An aircraft engineer who worked on the helicopter which crashed into a pub was not aware of an information notice about problems with fuel indicators, an inquiry has heard.
Pilot David Traill, two other crew members and seven bar customers died when the police helicopter crashed in Glasgow on November 29, 2013.
A Fatal Accident Inquiry was shown an information notice from helicopter manufacturer Eurocopter dated January 21, 2013, regarding water contamination of the fuel system in that type of helicopter.
It said that water concentrated between the metal tubes of the fuel level sensor may be enough to affect the signal to the display shown to the pilot.
Stuart Weir, an aircraft engineer at Babcock (formerly Bond) at the Glasgow City Heliport, was asked by Gordon Lamont, for the Crown, whether he remembered the notice.
He replied: “No. I know I’ve seen it since but I’m not sure when I first became aware of it.”
Under cross-examination by Shelagh McCall QC, representing Mr Traill’s fiancee, he was asked: “Was there a system in place to bring notices to your attention?”
Mr Weir answered: “There was not a system in place at the time to bring it to your direct attention.”
The inquiry has previously heard that the pilot received five low fuel warnings during the flight before the helicopter crashed on November 29 and that the aircraft, an EC 135, experienced problems with fuel readings in the months before the incident.
The engineer told the inquiry that before 2002/03 when there was a problem with the fuel indication on the EC 135, the pictorial indication on the Caution and Advisory Display (CAD) would go from blue to black and people would know it was not reliable.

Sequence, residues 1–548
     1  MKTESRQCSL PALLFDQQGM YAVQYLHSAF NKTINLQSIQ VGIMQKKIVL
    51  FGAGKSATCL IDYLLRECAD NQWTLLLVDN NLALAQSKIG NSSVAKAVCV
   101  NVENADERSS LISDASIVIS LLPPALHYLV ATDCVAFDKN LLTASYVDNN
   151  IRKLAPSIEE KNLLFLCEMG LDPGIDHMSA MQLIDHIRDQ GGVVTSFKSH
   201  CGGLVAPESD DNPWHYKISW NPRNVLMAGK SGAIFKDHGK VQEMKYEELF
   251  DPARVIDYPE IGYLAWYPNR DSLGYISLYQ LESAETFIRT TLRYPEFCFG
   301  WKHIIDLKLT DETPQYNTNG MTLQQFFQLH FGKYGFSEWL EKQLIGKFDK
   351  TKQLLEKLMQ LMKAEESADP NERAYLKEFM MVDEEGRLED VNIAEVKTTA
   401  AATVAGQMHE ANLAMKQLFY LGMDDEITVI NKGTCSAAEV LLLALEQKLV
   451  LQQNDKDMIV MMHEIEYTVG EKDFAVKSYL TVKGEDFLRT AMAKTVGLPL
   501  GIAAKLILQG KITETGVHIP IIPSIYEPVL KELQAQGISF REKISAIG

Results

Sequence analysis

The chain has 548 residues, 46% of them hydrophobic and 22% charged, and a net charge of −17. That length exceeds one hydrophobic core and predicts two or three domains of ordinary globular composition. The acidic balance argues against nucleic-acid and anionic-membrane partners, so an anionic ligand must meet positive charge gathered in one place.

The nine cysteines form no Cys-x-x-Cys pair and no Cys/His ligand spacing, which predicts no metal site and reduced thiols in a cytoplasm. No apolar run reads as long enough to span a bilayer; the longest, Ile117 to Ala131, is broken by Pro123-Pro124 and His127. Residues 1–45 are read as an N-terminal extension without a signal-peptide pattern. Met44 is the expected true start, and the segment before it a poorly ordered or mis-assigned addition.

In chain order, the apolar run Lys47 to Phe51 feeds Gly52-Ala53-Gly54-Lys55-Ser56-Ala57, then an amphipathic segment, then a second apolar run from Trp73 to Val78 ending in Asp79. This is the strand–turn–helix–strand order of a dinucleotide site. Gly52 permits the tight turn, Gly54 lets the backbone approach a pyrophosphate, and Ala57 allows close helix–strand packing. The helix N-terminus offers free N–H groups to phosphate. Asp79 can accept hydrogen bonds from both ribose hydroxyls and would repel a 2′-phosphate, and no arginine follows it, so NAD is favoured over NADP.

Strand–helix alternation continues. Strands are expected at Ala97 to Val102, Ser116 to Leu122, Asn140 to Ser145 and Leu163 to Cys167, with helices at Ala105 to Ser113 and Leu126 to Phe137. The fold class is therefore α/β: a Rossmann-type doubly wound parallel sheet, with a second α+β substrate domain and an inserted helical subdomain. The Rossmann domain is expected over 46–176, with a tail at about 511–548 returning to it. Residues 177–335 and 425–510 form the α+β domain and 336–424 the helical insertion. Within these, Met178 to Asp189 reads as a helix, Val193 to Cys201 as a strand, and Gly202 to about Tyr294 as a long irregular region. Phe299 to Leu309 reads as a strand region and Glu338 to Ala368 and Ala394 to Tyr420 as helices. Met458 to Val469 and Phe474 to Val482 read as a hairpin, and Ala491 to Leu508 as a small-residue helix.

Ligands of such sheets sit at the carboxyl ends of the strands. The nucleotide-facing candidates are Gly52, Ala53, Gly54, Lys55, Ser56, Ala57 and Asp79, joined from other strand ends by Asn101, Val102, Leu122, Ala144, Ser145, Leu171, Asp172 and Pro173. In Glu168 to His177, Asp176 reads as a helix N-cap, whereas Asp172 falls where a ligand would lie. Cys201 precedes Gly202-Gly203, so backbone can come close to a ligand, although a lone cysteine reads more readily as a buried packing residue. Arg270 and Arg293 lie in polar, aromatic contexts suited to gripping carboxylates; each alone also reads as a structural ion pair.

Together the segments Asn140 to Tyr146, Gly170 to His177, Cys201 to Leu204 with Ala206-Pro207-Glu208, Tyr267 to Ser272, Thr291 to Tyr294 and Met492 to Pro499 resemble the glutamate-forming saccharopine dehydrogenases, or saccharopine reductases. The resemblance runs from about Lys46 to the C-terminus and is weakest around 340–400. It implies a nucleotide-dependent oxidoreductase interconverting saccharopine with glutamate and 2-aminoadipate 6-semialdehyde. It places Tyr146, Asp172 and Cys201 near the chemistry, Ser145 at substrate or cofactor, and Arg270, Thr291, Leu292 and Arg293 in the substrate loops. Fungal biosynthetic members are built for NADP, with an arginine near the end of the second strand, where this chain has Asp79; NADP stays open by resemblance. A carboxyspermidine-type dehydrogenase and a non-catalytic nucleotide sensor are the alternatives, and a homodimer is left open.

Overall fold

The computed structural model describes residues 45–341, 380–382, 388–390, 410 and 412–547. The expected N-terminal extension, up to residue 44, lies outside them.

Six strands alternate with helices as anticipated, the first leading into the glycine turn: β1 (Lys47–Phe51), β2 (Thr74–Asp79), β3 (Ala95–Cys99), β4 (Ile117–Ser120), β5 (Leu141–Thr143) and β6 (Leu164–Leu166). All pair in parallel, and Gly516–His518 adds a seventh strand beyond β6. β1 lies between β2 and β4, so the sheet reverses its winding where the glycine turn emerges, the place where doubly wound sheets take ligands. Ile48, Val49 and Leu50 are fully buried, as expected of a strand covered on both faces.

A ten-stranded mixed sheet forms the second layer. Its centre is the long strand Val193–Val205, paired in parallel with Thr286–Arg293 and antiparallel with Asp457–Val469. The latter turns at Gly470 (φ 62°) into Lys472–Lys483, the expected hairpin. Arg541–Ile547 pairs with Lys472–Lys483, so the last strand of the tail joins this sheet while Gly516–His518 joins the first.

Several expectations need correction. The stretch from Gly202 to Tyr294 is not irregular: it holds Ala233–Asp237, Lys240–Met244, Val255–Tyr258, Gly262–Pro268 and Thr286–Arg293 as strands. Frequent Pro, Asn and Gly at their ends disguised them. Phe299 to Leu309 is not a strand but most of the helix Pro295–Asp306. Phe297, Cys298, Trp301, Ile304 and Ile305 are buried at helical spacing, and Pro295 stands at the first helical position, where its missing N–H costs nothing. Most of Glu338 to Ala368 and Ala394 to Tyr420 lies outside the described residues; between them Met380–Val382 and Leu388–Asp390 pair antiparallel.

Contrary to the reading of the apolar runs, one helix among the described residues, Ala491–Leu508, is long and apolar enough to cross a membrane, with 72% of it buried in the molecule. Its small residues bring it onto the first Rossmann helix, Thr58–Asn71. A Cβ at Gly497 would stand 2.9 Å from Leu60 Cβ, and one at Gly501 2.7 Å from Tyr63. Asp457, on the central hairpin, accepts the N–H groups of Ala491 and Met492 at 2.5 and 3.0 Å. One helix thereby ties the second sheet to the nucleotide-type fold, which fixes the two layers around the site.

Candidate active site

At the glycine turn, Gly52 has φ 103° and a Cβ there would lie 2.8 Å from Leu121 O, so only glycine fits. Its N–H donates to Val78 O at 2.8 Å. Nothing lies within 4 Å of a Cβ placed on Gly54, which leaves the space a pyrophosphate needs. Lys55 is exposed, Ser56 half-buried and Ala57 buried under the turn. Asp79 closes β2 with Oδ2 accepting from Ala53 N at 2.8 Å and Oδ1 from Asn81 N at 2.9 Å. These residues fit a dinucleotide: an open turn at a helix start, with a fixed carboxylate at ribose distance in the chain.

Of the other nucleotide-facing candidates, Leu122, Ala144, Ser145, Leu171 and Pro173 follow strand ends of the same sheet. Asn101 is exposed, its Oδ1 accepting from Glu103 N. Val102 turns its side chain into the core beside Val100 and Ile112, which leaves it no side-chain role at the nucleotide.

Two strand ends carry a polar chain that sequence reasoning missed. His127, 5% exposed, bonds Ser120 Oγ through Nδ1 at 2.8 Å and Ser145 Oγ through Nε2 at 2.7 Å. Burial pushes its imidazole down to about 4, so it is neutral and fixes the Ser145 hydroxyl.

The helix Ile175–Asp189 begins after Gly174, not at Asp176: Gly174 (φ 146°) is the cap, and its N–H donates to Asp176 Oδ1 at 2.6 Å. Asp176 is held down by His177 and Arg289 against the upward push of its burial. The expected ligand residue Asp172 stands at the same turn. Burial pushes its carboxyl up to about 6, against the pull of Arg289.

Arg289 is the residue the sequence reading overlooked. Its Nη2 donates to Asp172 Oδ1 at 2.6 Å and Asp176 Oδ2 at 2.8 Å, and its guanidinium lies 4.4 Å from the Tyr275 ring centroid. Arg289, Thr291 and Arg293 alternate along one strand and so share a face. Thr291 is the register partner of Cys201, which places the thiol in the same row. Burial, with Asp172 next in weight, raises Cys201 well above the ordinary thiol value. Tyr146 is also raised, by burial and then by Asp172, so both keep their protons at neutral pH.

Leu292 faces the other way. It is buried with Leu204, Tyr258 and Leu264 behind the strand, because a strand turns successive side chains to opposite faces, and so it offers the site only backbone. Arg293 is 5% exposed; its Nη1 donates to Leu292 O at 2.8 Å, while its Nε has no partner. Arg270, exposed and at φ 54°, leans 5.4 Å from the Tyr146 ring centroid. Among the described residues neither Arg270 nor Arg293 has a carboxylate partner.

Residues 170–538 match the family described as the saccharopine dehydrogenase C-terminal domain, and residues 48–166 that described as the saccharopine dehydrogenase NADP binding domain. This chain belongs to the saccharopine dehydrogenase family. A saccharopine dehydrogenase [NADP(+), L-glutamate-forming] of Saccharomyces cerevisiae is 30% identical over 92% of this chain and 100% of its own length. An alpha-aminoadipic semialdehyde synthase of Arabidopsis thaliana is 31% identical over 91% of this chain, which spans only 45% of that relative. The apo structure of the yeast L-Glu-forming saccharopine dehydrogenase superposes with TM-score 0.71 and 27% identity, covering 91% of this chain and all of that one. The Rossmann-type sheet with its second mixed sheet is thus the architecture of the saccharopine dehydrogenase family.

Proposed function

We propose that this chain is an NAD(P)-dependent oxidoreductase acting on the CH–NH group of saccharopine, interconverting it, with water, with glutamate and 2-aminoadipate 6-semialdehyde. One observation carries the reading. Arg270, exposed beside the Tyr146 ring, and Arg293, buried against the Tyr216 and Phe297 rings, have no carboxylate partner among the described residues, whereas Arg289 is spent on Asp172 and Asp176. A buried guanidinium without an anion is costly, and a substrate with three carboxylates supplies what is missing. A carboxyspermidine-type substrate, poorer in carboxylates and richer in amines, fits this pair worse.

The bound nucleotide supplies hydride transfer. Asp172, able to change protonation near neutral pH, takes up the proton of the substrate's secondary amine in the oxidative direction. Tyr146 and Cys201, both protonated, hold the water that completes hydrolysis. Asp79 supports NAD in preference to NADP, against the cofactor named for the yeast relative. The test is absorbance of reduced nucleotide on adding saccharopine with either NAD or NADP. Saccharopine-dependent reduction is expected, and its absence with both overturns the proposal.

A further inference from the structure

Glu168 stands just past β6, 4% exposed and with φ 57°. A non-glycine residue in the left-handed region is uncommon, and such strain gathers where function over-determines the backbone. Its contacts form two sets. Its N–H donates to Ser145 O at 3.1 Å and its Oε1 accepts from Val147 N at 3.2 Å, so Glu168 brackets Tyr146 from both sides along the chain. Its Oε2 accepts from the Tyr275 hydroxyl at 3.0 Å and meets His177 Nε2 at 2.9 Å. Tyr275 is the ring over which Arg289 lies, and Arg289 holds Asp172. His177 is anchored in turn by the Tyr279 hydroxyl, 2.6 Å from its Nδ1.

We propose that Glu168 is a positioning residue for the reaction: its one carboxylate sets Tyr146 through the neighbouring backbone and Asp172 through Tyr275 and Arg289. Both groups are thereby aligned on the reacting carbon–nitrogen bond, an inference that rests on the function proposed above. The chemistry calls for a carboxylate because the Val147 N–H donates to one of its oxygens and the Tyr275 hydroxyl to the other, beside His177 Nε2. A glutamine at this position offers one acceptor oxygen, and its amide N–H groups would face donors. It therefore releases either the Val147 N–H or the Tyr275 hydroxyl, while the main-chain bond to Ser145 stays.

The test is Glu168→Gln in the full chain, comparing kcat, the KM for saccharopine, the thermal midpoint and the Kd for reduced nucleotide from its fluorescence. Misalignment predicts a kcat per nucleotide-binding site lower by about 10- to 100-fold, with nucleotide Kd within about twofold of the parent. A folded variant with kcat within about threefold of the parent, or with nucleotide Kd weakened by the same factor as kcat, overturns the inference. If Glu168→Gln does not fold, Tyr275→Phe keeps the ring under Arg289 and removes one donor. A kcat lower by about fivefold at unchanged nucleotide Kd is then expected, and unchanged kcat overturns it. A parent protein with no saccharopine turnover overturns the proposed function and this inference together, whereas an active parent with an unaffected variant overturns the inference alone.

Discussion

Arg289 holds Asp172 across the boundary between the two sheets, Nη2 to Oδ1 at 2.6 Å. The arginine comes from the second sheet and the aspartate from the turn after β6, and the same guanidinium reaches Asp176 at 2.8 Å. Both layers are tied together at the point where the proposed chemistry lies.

However, he said this changed after the aircraft went to Oxford to be upgraded around 2002/03.
Mr Weir said he raised the issue when he attended a course at Airbus in Germany in 2014 and was told that because the probes were now varnished it may have affected things.
He said: “They upgraded the fuel probes to improve their reliability. The man I spoke to said initially the first variant of the probe were bare metal and any water shot the circuit. But to improve reliability they varnished the cylinders so if water got in it would not short circuit, it would give an erroneous indication.
“It was supposed to be a better engineering solution.”
The inquiry also heard that the helicopter, registration G-SPAO, had some technical difficulties on November 28, the day before the crash.
The “NR indicator” which counts the number of revolutions of the motor did not work when the engine started, and the landing light was not working.
Both problems were fixed that day.
More than 100 people were at the Clutha Vaults pub when the helicopter, returning to its base on the banks of the River Clyde, crashed through the roof.
Pub customers John McGarrigle, Mark O’Prey, Gary Arthur, Colin Gibson, Robert Jenkins, Samuel McGhee and Joe Cusker died, while pilot David Traill and crew Pc Tony Collins and Pc Kirsty Nelis were also killed.
The inquiry before Sheriff Principal Craig Turnbull has been adjourned until July 1 when it will continue in the temporary court at Hampden in Glasgow.